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Māwhete, Rangiputangatahi

by Claudia Orange


William Arthur Moffatt (Māwhete) was born at Tiakitahuna (Jackeytown), south of Palmerston North, on 4 March 1880, the son of Emiri Mōkena (Emily Morgan) and her husband, William Moffatt. His mother, also known as Ārani or Ārini, was the grand-daughter of Wiremu Kīngi Te Aweawe. His main tribal affiliation was Ngāti Hineaute of Rangitāne, and he had connections to Muaūpoko, Ngāti Apa, Ngāti Te Ūpokoiri, Hāmua and the Wanganui tribes. His father, an engineer working in the King Country, was killed by Māori near Taumarunui in November 1880. When young William was baptised in April 1881, he was given the name Rangiputangatahi and it was as Rangi Māwhete that he was later best known.

Rangi grew up in the Māori settlements of the Karere district and attended Rangiotū school before going to Te Aute College in 1890. On 11 April 1903, at Feilding, he married Ērana Ruta Durie of Ngāti Rangitepaia, Rangitāne and Ngāti Kauwhata; she was the daughter of Robert Te Rama Durie and his wife, Hurihia (Hēni), and the grand-daughter of Hoani Meihana Te Rangiotū. The marriage linked two great Rangitāne families, but Ērana died on 3 February 1904, at the age of 20. There were no children. At Westport, on 1 May 1906, Māwhete married Sydney-born Kathleen McGlone, daughter of a Denniston mining family. The couple were to have five children.

Māwhete worked in the Rangitīkei–Manawatū district as an interpreter and as a land and commission agent – occupations that often brought him into conflict with Rangitāne families. Initially he was based in Palmerston North; later he had a dairy farm at Awapuni. His kin were a dominant influence in his early years, and his maternal grandmother, Ērini (sister to the Rangitāne leader Te Peeti Te Aweawe), his mother and his aunt, Rewanui Apatari, drew him into family affairs involving land. In 1912 Mere Rikiriki, a local woman of mana, predicted the advent of an important new spiritual leader and for a time some identified Māwhete as the subject of this prophecy. Tall and good-looking, he carried mana and showed aspirations for a leadership role: he first stood for the Western Māori seat in the 1914 election, but was heavily defeated by the sitting member, Māui Pōmare.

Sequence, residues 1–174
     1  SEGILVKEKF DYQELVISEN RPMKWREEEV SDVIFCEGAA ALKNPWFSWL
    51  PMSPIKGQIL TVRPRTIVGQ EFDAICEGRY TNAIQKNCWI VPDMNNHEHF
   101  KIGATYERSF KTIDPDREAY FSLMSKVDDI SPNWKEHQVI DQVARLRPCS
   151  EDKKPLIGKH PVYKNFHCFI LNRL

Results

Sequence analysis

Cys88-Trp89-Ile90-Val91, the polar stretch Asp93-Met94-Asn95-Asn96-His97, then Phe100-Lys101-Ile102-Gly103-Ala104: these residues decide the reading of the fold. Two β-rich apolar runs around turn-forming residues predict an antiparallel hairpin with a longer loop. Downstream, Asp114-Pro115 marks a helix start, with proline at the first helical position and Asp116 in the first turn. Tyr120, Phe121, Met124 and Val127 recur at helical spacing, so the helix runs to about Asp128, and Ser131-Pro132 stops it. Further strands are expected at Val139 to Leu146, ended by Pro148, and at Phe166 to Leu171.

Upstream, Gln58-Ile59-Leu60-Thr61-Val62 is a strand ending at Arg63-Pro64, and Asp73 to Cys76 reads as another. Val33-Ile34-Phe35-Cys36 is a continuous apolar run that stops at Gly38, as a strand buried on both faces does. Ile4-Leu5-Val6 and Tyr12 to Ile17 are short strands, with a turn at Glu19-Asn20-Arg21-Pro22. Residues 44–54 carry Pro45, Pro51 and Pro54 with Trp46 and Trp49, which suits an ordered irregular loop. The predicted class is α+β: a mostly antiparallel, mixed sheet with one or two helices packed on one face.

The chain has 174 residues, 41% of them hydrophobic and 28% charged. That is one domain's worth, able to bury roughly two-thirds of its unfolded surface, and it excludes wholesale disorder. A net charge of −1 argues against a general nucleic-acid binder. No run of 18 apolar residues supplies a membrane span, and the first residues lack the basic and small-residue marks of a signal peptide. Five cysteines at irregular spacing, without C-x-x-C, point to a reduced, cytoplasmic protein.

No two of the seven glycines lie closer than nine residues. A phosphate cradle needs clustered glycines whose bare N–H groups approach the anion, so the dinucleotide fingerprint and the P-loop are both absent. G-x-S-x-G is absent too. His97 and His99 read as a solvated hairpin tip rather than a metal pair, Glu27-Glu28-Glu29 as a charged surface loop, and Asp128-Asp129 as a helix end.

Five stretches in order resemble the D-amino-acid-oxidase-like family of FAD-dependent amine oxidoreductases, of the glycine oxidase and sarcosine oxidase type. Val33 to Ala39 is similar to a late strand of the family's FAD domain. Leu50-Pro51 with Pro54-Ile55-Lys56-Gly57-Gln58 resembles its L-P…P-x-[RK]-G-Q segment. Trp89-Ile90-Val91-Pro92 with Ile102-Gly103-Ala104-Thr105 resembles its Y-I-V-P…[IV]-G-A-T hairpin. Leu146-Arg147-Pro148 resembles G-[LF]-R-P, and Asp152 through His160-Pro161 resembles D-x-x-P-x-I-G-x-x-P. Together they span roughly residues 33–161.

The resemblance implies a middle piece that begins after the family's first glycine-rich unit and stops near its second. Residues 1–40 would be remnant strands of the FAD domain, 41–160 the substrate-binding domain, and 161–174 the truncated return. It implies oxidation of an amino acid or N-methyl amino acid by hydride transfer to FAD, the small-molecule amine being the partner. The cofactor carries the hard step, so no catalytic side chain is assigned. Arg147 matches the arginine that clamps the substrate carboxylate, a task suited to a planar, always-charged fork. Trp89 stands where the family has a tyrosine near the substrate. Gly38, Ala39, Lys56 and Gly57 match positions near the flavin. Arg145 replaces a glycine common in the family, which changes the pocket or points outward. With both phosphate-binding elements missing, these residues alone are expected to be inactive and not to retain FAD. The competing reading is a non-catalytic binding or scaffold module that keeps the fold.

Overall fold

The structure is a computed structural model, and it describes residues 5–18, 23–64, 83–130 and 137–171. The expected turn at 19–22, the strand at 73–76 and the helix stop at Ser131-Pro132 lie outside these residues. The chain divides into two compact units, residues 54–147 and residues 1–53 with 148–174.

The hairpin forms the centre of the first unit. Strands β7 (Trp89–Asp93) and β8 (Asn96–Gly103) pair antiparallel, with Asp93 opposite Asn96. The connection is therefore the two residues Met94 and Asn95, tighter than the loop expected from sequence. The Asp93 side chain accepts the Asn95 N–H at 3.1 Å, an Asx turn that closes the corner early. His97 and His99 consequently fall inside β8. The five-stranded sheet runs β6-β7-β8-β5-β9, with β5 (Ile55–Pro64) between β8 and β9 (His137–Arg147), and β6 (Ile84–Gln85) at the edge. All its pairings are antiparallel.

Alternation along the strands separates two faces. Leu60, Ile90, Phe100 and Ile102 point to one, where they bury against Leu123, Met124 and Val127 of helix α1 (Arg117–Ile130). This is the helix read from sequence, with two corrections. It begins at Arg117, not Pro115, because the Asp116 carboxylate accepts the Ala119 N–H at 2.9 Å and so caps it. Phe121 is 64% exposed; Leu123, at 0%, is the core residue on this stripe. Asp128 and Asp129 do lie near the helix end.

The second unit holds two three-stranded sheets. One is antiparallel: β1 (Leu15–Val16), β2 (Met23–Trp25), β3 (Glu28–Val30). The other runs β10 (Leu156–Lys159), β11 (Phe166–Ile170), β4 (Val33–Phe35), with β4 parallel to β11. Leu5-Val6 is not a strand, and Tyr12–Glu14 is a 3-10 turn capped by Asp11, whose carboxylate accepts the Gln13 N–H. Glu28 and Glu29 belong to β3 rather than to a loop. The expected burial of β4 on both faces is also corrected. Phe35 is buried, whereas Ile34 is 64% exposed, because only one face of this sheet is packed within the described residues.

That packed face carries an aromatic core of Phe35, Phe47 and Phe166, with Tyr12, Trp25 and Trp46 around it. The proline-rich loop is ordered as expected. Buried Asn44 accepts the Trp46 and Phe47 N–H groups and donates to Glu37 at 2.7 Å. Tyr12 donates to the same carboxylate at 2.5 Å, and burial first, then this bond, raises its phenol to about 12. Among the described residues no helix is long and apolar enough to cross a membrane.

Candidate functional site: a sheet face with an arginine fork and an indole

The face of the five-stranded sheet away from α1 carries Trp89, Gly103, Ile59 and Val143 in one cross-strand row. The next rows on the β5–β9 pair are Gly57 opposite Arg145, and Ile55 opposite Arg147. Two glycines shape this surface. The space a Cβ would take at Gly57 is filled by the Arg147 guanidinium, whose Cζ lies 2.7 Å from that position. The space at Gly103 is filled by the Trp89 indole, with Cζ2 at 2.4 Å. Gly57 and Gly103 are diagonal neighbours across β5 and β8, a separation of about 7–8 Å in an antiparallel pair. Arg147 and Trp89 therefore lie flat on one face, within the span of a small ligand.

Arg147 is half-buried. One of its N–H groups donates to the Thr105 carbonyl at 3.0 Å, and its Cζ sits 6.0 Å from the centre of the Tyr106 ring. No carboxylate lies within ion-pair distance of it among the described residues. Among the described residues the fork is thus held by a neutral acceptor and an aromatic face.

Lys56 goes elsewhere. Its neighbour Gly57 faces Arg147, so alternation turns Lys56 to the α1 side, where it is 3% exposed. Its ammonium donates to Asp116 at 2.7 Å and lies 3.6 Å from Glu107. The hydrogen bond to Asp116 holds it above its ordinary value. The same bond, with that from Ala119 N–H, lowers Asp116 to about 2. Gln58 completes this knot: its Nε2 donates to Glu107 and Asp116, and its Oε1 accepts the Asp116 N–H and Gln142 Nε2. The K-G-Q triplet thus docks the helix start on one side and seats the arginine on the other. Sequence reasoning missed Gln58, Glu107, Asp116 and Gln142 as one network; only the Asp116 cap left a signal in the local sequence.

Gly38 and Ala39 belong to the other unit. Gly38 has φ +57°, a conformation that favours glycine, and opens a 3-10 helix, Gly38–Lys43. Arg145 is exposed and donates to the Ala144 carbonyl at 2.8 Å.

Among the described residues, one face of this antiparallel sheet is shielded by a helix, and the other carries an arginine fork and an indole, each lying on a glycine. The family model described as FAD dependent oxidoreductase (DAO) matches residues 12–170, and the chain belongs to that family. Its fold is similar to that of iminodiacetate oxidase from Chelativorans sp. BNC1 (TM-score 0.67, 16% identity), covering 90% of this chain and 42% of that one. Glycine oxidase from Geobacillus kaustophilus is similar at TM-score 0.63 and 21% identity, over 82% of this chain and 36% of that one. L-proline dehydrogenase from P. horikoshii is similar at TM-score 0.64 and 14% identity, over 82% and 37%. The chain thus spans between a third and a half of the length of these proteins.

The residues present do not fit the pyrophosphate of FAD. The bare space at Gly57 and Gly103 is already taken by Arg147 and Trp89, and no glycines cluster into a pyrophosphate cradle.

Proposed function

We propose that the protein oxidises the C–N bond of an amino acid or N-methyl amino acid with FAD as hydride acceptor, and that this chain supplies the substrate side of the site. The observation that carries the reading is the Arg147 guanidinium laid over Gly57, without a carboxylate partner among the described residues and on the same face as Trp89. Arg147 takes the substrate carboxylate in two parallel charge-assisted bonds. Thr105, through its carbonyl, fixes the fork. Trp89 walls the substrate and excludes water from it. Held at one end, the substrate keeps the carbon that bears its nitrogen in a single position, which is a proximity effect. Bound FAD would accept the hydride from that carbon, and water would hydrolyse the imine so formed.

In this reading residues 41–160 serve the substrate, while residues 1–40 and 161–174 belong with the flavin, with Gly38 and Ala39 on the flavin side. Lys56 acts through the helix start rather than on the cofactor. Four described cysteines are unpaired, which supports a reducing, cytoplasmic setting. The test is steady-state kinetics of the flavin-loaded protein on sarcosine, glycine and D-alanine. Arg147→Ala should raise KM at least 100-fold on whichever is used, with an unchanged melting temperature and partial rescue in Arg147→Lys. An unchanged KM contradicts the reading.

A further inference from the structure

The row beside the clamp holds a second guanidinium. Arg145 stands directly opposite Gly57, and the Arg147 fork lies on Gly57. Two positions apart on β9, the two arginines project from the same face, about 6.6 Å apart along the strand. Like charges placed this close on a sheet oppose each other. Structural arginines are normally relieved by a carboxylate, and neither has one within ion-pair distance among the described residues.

Although he did not contest the 1919 election, possibly because of family commitments, in 1922 Māwhete stood as an independent in Western Māori. Again he made little impression. Other political opportunities were to open up, however. The New Zealand Labour Party, keen to expand its support, began to court Māori voters and made contact with Māwhete. In 1924 he was chosen as the party’s candidate for the Western Māori seat. On 20 December he organised the first official gathering between Māori and Labour. Held at Parewanui, near Bulls, the meeting was attended by Harry Holland, Labour's parliamentary leader, and members of the national executive. The aim was to lay the basis of a Māori policy that would be presented at the party’s 1925 annual conference.

Māwhete prepared for the conference by seeking elected Māori representatives from throughout New Zealand to form a Labour Māori advisory committee. With the exception of Waikato and the King Country, where King movement support for Pōmare was strong, he secured men from all areas. The group met at Bulls in March, with Māwhete as committee secretary, and on 13 April attended the conference in Wellington. Māwhete and two other representatives worked on a sub-committee to present a report, subsequently adopted as Labour's Māori policy. It covered rating problems and settlement of land claims under the Treaty of Waitangi, reform of Māori electoral processes, and the establishment of a Māori council to advise the government on issues affecting Māori: a voice in government that might meet Māori aspirations. The policy was soon attacked in Parliament by Pōmare, and in late July Māwhete sponsored a three-day meeting at Parewanui where Labour leaders gave assurances of their commitment.